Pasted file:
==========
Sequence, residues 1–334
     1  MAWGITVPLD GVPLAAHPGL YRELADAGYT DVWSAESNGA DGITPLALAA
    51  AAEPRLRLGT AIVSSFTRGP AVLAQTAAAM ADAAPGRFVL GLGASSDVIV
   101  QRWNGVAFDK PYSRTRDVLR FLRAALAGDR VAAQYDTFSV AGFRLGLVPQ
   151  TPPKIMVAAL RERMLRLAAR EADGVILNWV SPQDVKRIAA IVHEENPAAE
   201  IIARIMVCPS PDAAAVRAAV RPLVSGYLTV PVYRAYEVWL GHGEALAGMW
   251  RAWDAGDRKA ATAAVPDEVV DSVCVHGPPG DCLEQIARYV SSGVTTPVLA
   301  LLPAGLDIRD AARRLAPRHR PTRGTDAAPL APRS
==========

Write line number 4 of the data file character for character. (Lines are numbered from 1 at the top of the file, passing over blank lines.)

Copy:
   101  QRWNGVAFDK PYSRTRDVLR FLRAALAGDR VAAQYDTFSV AGFRLGLVPQ